Ellisville Police, Missouri Senior Medicare Patrol warn about scams
By: Diane E. Samson
After a local 88-year-old woman fell victim to a lottery scam that cost her more than $60,000, the Ellisville police department decided to help its seniors avoid scams like these in the future.
Officers Joey Nickles and Angie Walsh will be delivering a program to five assisted living facilities in Ellisville in the next couple months. The two officers, along with a representative from the Missouri Attorney General’s office, will give 30-45 minute presentations to the seniors at lunch time, helping them learn to recognize and avoid potential scams.
The Jamaican lottery scam the Ellisville senior fell victim to uses the name Mega Million Sweepstakes Lottery and claims that the winning $5.5 million is kept in the form of a check at a safety department at the airport in the victim’s city. The scammers ask the victim to pay $87,000 in taxes to claim the winnings.
Officer Nickles is investigating the case but admits that the best solution is prevention. He said these type of scams are on the rise.
“These crimes are so awful,” Nickles said. “These people are brutal and ruthless. They told this lady to shred her documents so we couldn’t track them down easily. These scams are difficult to investigate and the bad guys know it.”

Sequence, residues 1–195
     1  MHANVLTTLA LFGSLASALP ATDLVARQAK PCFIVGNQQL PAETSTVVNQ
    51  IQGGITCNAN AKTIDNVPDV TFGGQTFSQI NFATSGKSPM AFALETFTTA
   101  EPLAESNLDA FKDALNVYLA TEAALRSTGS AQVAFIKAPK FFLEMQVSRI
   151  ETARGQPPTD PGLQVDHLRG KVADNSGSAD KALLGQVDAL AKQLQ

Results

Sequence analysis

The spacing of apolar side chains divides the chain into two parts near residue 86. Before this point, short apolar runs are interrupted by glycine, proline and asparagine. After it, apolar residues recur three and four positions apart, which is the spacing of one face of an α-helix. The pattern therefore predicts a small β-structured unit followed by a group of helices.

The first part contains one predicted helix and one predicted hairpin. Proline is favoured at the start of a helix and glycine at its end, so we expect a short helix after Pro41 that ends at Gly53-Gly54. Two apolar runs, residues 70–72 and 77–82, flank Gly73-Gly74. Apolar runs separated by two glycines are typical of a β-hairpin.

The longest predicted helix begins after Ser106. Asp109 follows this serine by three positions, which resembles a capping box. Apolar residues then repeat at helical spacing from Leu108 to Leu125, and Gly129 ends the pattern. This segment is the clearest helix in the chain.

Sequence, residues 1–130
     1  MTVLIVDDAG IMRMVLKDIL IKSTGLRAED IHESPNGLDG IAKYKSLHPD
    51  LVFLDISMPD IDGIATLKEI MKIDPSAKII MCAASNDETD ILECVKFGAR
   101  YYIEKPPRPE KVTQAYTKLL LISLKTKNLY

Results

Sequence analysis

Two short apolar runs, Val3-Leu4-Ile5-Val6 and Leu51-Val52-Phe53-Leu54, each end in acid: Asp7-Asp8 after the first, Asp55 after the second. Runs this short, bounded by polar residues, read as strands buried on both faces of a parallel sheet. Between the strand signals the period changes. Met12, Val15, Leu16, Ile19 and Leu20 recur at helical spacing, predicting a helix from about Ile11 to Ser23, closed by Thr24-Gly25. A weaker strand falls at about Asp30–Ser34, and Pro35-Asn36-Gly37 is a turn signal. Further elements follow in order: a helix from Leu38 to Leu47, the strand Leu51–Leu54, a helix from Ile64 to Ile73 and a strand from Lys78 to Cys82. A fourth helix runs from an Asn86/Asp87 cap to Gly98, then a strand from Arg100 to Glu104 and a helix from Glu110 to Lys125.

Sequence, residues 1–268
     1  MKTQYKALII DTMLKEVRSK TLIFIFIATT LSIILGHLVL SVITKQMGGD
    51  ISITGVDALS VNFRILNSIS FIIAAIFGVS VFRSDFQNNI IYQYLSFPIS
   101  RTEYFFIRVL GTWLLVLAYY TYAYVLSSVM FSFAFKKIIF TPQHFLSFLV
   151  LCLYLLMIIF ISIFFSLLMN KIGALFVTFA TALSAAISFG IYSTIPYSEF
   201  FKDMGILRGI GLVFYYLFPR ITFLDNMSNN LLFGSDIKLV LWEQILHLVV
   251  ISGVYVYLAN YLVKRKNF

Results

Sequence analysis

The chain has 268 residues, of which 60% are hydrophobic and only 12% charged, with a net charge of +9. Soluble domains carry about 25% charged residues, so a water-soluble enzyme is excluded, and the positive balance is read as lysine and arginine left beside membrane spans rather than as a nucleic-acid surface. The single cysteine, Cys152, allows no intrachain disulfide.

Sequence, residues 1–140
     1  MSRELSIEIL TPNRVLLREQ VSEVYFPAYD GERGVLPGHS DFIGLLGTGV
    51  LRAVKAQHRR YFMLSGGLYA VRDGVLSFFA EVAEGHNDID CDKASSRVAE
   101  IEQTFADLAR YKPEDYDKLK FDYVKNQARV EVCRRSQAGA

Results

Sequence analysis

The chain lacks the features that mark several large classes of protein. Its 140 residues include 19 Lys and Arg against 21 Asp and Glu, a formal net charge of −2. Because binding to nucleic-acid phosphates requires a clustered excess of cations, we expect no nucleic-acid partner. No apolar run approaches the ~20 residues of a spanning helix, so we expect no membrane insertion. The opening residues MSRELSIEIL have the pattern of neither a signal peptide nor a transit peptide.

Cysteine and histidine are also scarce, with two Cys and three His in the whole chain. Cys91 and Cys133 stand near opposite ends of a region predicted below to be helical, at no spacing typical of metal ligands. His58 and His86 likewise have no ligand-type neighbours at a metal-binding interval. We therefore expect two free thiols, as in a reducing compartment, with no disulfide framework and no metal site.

Nickles said the response from local assisted living facilities has been positive.
He added that its important for the community to be on the lookout and talk about such scams, especially with elderly family members and friends.
“The more information we can get out there the better,” Nickles said.
In an unrelated scam, the Missouri Senior Medicare Patrol (SMP) is warning seniors that a telephone scam now under way in Iowa could spread quickly to the Show-Me State.
According to reports by the Iowa Senior Medicare Patrol to the Centers for Medicare & Medicaid Services, seniors are targeted by a caller claiming to be from Medicare. The caller says there are changes to the Medicare Summary Notice and Medicare cards and then tries to obtain personal information to commit financial fraud. The caller also may express a need to visit the person’s home to deliver information and other materials.
The Missouri SMP notes that Medicare officials do not call beneficiaries to discuss changes to the program, nor do they visit their homes.
The group urges anyone who suspects identity theft to contact the Federal Trade Commission Identity Theft Hotline at (877) 438-4338.